Color Temperature - Investigate the apparent "color" of a virtual radiator (in this case, a black metal pot) as it is slowly heated through a wide temperature range by external energy. The concept of color temperature is based on the relationship between the temperature and radiation emitted by a theoretical standardized material, termed a black body radiator, cooled down to a state in which all molecular motion has ceased. Hypothetically, at cessation of all molecular motion, the temperature is described as being at absolute zero or 0 Kelvin, which is equal to -273 degrees Celsius.

Incandescent Lamp Filaments - Nearly every source of light depends, at the fundamental level, on the release of energy from atoms that have been excited in some manner. Standard incandescent lamps, derived directly from the early models of the 1800s, now commonly utilize a tungsten filament in an inert gas atmosphere, and produce light through the resistive effect that occurs when the filament temperature increases as electrical current is passed through. This interactive tutorial demonstrates the sub-atomic activity within a conducting incandescent lamp filament that results in resistance to current flow, and ultimately leads to the emission of infrared and visible light photons (with a corresponding rise in color temperature).

Compact Disk Lasers - A pre-recorded compact disk is read by tracking a finely focused laser across the spiral pattern of lands and pits stamped into the disk by a master diskette. This tutorial explores how the laser beam is focused onto the surface of a spinning compact disk, and how variations between the height of pits and lands determine whether the light is scattered by the disk surface or reflected back into a detector.

Light Emitting Diodes - Light emitting diodes (LEDs) are a general source of continuous light with a high luminescence efficiency, and are based on the general properties of a simple twin-element semiconductor diode encased in a clear epoxy dome that acts as a lens. This interactive tutorial explores how two dissimilar doped semiconductors can produce light when a voltage is applied to the junction region between the materials.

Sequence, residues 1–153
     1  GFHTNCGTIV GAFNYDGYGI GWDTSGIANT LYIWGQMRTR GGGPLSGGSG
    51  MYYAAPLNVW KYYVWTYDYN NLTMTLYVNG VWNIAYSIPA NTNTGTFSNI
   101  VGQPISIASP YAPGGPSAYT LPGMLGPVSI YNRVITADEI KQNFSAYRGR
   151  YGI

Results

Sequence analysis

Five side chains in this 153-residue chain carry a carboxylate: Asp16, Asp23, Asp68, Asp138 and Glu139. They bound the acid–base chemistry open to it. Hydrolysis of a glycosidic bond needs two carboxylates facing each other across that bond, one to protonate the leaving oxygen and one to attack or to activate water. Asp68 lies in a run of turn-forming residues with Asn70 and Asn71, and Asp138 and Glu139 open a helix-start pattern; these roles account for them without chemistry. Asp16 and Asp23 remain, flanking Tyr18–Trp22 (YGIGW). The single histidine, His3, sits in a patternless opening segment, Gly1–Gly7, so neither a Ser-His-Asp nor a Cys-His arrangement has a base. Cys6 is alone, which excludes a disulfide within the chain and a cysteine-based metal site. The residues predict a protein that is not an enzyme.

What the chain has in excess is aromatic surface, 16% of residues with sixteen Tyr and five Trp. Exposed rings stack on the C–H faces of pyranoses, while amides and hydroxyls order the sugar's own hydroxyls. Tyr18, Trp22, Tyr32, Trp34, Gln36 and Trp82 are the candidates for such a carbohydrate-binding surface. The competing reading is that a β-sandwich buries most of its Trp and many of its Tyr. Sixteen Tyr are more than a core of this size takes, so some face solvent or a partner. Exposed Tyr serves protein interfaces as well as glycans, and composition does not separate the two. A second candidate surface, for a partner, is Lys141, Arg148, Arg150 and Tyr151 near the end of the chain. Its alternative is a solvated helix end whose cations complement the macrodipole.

Argon-Ion Lasers - As a distinguished member of the common and well-explored family of ion lasers, the argon-ion laser operates in the visible and ultraviolet spectral regions by utilizing an ionized species of the noble gas argon. Argon-ion lasers function in continuous wave mode when plasma electrons within the gaseous discharge collide with the excited laser species to produce light.

Diode Lasers - Semiconductor diode lasers having sufficient power output to be useful in optical microscopy are now available from a host of manufacturers. In general these devices operate in the infrared region, but newer diode lasers operating at specific visible wavelengths are now available. Diode lasers coupled to internal optical systems that improve beam shape have sufficient power and stability to rival helium-neon lasers in many applications. This interactive tutorial explores the properties of typical diode lasers and how specialized anamorphic prisms can be utilized for beam expansion.

Ti:Sapphire Mode-Locked Lasers - The self mode-locked Ti:sapphire pulsed laser is currently one of the preferred laser excitation sources in a majority of multiphoton fluorescence microscopy investigations. This tutorial explores the operation of Ti:sapphire lasers over a broad range of near-infrared wavelengths with variable pulse widths and an adjustable applet speed control.

Nd:YLF Mode-Locked Pulsed Lasers - An increasing number of applications, including new illumination techniques in fluorescence optical microscopy, require a reliable high average-power laser source that enables efficient frequency conversion to ultra violet and visible wavelengths. Several variants of the diode-pumped solid state laser have been developed, and of these, the Nd:YLF (neodymium: yttrium lithium fluoride) laser produces the highest pulse energy and average power in the repetition rate ranging from a single pulse up to approximately 6 kHz. This tutorial explores the operation of a Nd:YLF multi-pass slab laser side-pumped by two collimated diode-laser bars.

Selected Literature References

Reference Listing - The reference materials listed in this section, gathered from our vast optical microscopy library, are an excellent source of additional information on microscope illumination. Included are references to review articles and original research reports that discuss how microscopes are configured to take advantage of various illumination scenarios and the critical illumination required for high-quality photomicrography. In addition, basic articles describing the properties of a variety of natural and artificial light sources are included.

Contributing Authors

Kenneth R. Spring - Scientific Consultant, Lusby, Maryland, 20657.

Matthew J. Parry-Hill, Thomas J. Fellers, and Michael W. Davidson - National High Magnetic Field Laboratory, 1800 East Paul Dirac Dr., The Florida State University, Tallahassee, Florida, 32310.